Teaching Statement

When teaching, my primary goals are to unveil the beauty of statistics, promote students’ intellectual growth, and encourage students to develop into independent and lifelong learners. To achieve these broad educational goals, I adapt and evolve my teaching philosophy as briefly described below.

Unveil the beauty of statistics. STA 4321 is an introductory statistics course and only requires little mathematical background. As expected, the majority of my students enrolled in STA 4321 had never studied statistics before. Thus, during my first day of the class, I emphasized the goal of my course is to let students understand the beauty of statistics and spark their interest in statistics. To achieve such goals, I created a positive learning environment by sharing my passion for statistics, setting clear goals and expectations, and providing optional challenging examples. Importantly, I shared connections between basic statistical methods and research projects or real-world applications. For example, I shared how scientists using Venn diagrams in their projects when teaching set theory. Another example was when I taught conditional probability, students were assigned some problems regarding the specificity and sensitivity of a COVID-19 test. Amazed by how conditional probability can be used to inform a COVID-19 testing result, students were motivated to work harder on related questions and appreciated the beauty of statistics. Many of my students took this course to meet their degree requirements and may forget most of the contents learned in my course. However, understanding the beauty of statistics may play an important role in their daily lives and change some of their career paths in the future.

Differentiated instruction. The basic statistical course I taught five times (STA 4321/STA 5323) always contained undergraduate and graduate students from different departments, ranging from statistics to actuarial science. Their diverse background highlights the need for differentiated instruction. Briefly, I interspersed the main lecture with many activity units. For example, I asked students to discuss and work with nearby classmates on simple problems to refresh what they had just learned, helping students who need active engagement to learn these concepts better. When they worked on the problems, I walked around the class and answered the questions raised by students who prefer to ask questions privately. During the pandemic time, I applied similar strategies by randomly assigning students to several breakout rooms. Furthermore, I often connected the new concepts with taught ones, which helped students who hope to understand the ‘‘big picture." More importantly, I conducted an informal course evaluation and asked students to write down their feeling about the difficulty levels and which part they preferred to change. This strategy makes me feel more connected with students and helps me understand their needs, motivating me to adjust my teaching strategies accordingly. Overall, differentiated instruction promotes my ability to teach a class of diverse backgrounds.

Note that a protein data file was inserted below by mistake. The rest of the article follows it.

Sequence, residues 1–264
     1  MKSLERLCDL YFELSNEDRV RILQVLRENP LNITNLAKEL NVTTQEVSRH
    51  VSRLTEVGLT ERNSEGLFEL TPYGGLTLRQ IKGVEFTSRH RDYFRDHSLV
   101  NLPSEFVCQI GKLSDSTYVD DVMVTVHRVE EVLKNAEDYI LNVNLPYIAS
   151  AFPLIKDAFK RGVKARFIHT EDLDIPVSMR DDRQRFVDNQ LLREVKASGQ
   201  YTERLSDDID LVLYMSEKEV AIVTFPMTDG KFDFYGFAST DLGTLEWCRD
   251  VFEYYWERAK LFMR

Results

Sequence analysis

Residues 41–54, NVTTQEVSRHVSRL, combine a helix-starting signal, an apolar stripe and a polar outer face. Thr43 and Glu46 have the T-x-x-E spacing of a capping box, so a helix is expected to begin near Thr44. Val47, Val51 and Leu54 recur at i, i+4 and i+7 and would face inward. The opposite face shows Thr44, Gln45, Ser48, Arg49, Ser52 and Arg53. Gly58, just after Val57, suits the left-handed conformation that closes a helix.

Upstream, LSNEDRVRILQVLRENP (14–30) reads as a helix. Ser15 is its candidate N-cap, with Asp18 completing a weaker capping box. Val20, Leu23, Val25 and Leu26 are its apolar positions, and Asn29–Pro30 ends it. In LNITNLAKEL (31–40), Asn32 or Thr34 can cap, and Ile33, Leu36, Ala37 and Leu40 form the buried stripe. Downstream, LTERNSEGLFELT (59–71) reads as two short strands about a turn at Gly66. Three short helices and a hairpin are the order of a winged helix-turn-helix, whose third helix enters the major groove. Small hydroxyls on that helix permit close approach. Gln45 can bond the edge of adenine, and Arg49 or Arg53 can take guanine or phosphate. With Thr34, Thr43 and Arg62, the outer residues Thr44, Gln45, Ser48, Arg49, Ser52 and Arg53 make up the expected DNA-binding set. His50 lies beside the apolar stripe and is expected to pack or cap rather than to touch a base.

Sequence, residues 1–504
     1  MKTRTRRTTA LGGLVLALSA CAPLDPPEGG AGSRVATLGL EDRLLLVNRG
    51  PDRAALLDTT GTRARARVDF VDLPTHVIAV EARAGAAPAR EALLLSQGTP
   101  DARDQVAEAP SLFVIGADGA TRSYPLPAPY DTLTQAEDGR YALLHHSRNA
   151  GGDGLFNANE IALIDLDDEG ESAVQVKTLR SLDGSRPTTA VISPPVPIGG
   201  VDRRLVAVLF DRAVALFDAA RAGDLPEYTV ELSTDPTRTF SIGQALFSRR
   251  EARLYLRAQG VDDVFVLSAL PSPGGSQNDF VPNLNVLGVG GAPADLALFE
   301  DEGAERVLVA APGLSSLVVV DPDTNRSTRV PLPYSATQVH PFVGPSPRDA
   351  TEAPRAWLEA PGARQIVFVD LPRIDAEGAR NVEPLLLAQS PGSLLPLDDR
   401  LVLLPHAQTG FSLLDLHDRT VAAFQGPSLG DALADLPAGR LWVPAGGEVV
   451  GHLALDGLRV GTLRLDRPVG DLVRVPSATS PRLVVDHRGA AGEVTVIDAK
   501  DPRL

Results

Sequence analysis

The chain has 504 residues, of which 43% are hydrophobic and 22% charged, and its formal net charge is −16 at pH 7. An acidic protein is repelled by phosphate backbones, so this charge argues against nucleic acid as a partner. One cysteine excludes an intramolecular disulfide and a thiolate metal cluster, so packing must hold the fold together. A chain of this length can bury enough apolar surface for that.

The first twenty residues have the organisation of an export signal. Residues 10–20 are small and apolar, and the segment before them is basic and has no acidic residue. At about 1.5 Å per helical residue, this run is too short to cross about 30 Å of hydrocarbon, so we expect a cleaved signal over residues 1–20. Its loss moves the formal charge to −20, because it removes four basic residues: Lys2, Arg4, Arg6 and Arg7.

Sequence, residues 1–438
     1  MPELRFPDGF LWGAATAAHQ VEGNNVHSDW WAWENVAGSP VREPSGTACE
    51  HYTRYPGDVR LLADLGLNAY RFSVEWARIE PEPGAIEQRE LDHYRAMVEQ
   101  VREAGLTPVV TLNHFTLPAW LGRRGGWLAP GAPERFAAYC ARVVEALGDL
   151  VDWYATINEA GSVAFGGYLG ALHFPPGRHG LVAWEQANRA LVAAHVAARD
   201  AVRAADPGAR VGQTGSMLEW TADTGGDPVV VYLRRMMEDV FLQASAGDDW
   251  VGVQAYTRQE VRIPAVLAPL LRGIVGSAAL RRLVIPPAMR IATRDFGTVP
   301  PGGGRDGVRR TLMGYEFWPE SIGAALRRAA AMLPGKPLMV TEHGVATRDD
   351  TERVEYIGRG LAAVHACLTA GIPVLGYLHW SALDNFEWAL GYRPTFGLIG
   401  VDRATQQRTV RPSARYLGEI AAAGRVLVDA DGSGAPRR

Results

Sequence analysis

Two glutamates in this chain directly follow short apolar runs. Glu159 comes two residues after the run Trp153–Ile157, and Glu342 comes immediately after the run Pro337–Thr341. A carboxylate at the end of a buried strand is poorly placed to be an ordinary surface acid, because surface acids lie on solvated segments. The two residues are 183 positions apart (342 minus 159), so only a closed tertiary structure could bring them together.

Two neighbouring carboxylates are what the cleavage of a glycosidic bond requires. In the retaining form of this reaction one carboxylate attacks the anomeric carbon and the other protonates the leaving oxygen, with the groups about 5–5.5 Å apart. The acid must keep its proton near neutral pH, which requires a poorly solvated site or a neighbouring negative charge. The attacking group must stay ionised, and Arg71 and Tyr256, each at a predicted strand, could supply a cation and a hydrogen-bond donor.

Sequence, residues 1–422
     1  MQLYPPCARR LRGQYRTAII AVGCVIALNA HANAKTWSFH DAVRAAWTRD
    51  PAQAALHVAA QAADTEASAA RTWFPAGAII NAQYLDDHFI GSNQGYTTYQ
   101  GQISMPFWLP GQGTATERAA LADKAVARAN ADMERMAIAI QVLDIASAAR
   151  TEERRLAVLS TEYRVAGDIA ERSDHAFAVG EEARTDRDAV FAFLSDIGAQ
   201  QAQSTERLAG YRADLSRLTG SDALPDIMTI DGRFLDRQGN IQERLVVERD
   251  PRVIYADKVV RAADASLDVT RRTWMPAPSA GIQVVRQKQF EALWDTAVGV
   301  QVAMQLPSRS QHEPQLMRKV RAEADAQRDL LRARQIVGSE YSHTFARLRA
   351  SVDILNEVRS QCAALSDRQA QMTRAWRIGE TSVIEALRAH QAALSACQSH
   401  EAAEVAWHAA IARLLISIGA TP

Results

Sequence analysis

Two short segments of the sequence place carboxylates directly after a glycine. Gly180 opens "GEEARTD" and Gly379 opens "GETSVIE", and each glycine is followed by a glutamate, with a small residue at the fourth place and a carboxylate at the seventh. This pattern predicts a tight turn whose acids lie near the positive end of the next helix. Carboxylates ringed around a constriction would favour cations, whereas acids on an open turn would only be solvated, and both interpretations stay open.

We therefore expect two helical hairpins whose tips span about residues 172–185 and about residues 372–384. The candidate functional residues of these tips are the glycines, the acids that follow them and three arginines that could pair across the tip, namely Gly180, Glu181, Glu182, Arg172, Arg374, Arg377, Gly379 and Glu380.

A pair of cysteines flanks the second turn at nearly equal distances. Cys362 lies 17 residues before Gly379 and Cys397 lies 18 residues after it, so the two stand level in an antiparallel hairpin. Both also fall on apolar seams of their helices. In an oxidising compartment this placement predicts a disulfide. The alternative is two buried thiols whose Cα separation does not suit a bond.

Encourage creative and independent thinking. In 2020 Fall, I redesigned a new graduate-level topic course, Statistical Genetics. This course aims to help students grasp the necessary background knowledge to understand research advancements in statistical genetics and help them become creative and independent researchers. To achieve such goals, I implemented the following strategies. First, I created an open environment and made clear that we encouraged active learning and gave extra credits to the students who asked constructive questions. Second, I strongly recommended students read original papers beforehand and after finishing relevant lectures, which is challenging at the beginning but helped them become independent researchers. Third, the assignments were about writing a short report and summarizing the new findings presented in a paper. When grading these assignments, I used the 3-by-3 Rule, telling students three things they did right and giving them three tips for improvement. Finally, I used a course project to encourage my students to independently learn new materials that are not covered in the class. Briefly, I asked them to find a collaborator, helped them propose a good research topic, and guided them to prepare a Research Letter type report and final presentation slides. I was impressed by many of their reports and presentations. For example, one group presents a report entitled ‘‘A transcriptome-wide association study (TWAS) in conjunction with fine-mapping identifies three potentially causal genes for neuroticism.’’ Besides applying TWAS, they even applied a fine-mapping method to prioritize associated genes identified by TWAS, which was not covered in the class. My department was very satisfied with this new course development and provided me with another opportunity to teach this course again in 2021 Fall. This time, one faculty is attending my class regularly to learn statistical genetics.

In summary, the opportunity to interact with students and disseminate knowledge is one of the most exciting parts of an academic job. However, it requires extensive experience. In the future, I will continue practicing my teaching skills and look forward to accumulating more experiences to refine myself as an educator.